Jonah Goldberg

They produced reports culling anecdotes from fringe videos and Web sites and claimed such stuff represented the conventional wisdom on the right. Bill Clinton bragged about how no American president had faced the sort of orchestrated "hate" he'd had to endure (this would have been uproariously funny to Richard Nixon).

Then-Clinton aide George Stephanopoulos told The Washington Post that Clinton's foes were "accusing him of murder. . That's unheard of." The Post reported that Stephanopoulos "senses a conspiracy of sorts - a campaign of 'manufactured hate.'" There was no shortage of sympathetic media outlets for this manufactured martyrdom.

Well, today the campaign of "manufactured hate" against George Bush in many respects dwarfs the campaign against Bill Clinton. As my colleague Byron York notes in the Sept. 1 issue of National Review, the most outrageous accusations against Bush are commonplace on the left and in liberal circles today, but we don't get articles in the mainstream press ridiculing "Bushophobia."

Web sites dedicated to the Bush family's "Nazi past" are all over the place. Articles comparing Bush to Adolph Hitler abound on the Internet and in countless elite newspapers and magazines in Europe and the Middle East.

Counterpunch.org, edited by respected leftist journalist Alexander Cockburn, has run more than one article detailing how Bush and Hitler use "the same playbook" and how "the Fuhrer would be proud that an American president is emulating him in so many ways." T-shirts and posters with Bush and Cheney in Gestapo gear and Hitler mustaches are staples at every leftwing rally today.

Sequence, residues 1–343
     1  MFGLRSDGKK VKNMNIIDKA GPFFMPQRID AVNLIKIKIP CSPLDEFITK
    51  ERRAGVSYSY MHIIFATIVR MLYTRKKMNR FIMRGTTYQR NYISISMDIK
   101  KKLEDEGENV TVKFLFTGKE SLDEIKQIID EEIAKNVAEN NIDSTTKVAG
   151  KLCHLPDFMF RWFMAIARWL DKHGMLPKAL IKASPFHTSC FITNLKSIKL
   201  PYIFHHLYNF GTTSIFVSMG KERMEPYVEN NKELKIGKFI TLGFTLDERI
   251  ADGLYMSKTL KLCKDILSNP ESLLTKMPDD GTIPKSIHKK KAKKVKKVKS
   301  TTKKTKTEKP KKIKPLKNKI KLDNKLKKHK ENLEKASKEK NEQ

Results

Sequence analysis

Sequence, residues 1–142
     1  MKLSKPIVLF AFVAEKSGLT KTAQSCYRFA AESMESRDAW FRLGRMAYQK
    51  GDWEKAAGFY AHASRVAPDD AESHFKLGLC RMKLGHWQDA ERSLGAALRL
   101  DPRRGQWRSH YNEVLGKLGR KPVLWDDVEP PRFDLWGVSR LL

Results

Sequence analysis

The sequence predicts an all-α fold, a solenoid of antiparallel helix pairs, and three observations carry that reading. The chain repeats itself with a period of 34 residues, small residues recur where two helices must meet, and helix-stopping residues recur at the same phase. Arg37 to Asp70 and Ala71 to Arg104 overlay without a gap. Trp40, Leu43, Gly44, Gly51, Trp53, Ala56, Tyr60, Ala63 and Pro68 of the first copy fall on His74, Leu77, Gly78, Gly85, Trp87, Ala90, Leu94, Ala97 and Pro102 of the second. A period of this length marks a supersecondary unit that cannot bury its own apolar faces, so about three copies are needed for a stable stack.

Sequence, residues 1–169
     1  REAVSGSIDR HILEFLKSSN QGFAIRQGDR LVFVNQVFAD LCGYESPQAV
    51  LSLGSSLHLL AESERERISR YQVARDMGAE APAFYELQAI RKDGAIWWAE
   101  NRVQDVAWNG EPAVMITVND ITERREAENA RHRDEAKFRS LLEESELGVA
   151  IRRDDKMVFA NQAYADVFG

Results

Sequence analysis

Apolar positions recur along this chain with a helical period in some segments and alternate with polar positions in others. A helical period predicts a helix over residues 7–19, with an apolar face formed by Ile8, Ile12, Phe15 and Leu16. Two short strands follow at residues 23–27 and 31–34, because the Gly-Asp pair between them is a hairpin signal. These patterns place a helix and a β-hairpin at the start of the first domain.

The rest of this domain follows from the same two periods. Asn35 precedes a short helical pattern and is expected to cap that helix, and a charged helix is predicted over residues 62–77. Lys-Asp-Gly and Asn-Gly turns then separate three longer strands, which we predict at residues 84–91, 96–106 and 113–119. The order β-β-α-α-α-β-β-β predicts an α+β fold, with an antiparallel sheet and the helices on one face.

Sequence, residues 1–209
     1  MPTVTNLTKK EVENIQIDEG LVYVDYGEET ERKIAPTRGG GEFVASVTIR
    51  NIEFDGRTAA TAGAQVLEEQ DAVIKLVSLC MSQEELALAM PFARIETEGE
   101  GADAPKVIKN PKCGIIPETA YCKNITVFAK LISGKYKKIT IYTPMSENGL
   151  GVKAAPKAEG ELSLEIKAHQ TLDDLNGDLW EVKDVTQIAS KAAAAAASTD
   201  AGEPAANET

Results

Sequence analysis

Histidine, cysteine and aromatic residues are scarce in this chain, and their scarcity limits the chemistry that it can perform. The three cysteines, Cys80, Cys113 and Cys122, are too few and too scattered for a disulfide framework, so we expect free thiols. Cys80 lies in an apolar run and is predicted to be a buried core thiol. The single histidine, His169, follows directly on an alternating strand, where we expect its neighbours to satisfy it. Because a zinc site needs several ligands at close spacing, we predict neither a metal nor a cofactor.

And it's not just on the fringe or overseas. Accusations and insinuations that Bush launched an entire war for base political reasons are commonplace on cable TV debates and by many leading Democrats, including Al Gore. This charge is vastly more outrageous than the one leveled at Bill Clinton's conveniently timed cruise missile strikes during impeachment, but no one seems to mind.

Indeed, start watching the Democratic presidential candidate forums on C-SPAN. If the contenders don't say Bush is a murderer, the Democratic activists often do - and the candidates almost never correct them.

The activist base of the Democratic Party today strikes me as demonstrably more paranoid and irrational about George Bush than even the most "obsessed" of my conservative brethren ever were. And to Bush's credit, he's not biting his lip and whining about it.


Jonah Goldberg

Jonah Goldberg is editor-at-large of National Review Online,and the author of the book The Tyranny of Clichés. You can reach him via Twitter @JonahNRO.
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